Rob Douglas: City Council should balance the budget |

Rob Douglas: City Council should balance the budget

Rob Douglas

For 20 years, Steamboat resident Rob Douglas was a Washington, D.C. private detective specializing in homicide, political corruption and terrorism. Since 1998, Douglas has been a commentator on local, state and national politics in Washington, D.C., Maryland and Colorado. To reach Rob Douglas, email

— Given that our nation’s current fiscal morass was created by the power and money gluttons of Washington and Wall Street, is it any wonder most citizens feel helpless as their financial health is threatened?

How do we stop the insanity as more than a trillion dollars are squandered in futile attempts to save an economy weakened by decades of obscene spending by Republicans and Democrats?

As private citizens, is there anything we can do to re-establish sound monetary principles as the bedrock of American governance?

Indeed there is.

We can begin to change the spending habits of Washington by changing spending habits here in the Yampa Valley. As a nation, our local governing bodies serve as the incubator for those we send to higher office. If we want fiscal discipline in Washington, we should demand it at home.

We should demand it from the Steamboat Springs City Council.

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Eleven months ago, voters in Steamboat expressed their anger at the never-ending orgy of spending conducted by city government when they rejected every incumbent councilmember standing for re-election.

Next Tuesday, we will learn whether the new faces ushered in to replace the spendthrifts remember the lesson of their electoral birth. Just in case, we should remind the current council that either the days of outflow exceeding income must end – or their political careers will.

On Tuesday, the Steamboat Springs City Council will gather at 8 a.m. in Centennial Hall to undertake the budget for 2009. Reportedly, the council will consider a proposed operating budget that calls for a 3.31 percent increase in spending, even though revenue is projected to decline by 6.28 percent. The $1.9 million gap between revenue and spending means that – as has become the habit during the past decade – reserve funds will be used to make up the difference.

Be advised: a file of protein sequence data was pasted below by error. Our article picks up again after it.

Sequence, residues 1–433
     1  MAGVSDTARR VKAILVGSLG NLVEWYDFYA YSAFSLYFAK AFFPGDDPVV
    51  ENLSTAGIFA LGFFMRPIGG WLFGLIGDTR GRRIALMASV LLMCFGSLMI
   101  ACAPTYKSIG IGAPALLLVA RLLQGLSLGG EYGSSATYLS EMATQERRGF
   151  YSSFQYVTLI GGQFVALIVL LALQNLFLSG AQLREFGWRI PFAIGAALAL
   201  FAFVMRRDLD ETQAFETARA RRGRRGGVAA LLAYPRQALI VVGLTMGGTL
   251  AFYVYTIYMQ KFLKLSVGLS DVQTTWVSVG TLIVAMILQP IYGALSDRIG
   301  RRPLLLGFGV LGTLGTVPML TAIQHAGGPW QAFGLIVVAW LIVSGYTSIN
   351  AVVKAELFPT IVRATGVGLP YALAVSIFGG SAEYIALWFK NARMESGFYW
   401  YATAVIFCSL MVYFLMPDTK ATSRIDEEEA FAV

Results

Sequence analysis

So, this new council is faced with its first true fiscal test.

Will the council choose fiscal prudence by cutting $1.9 million and balancing the operating budget, or will the council choose to continue the profligate spending habits of past councils?

Now, rest assured, those seeking city funding for their department or program have made their desires and demands known to council often and, at times, loudly. They will be out in force next Tuesday to plead their case yet again.

But, there is a group that the City Council rarely hears from. That group is the all-too-silent majority that wants the council to rein in spending and balance the budget. You can find this group at almost any gathering in Steamboat – except at council meetings where their voices would do the most good.

So, if you’re one of the many who want this council to set a precedent by balancing the budget, it’s time for you to be heard. If you don’t contact the council members and make them aware of your views about a balanced budget, they will hear only from those seeking tax dollars for their programs. And, politicians being politicians, they will succumb to greasing the squeaky wheels before them.

Unfortunately, council scheduled the budget meeting next Tuesday during working hours. At that time, most residents are out trying to make a living and can’t afford time off to express their views during the public comment period scheduled for 2 to 3:30 p.m. So, if you wish to express your opinion to the council about whether it should adopt a balanced budget, you should contact the council members prior to next Tuesday.

To contact the council, use the following e-mail addresses and phone numbers.

– President Loui Antonucci:; 879-2505.

– President Pro-Tem Cari Hermacinski:; 846-1066.

– Steve Ivancie:; 879-2179.

– Meg Bentley:; 879-7402.

– Walter Magill:; 819-1161.

– Scott Myller:; 846-1700.

– Jon Quinn:; 879-0734.

Budget business

For an in-depth look at the city’s proposed 2009 budget, pick up a copy of this Sunday’s Steamboat Pilot & Today.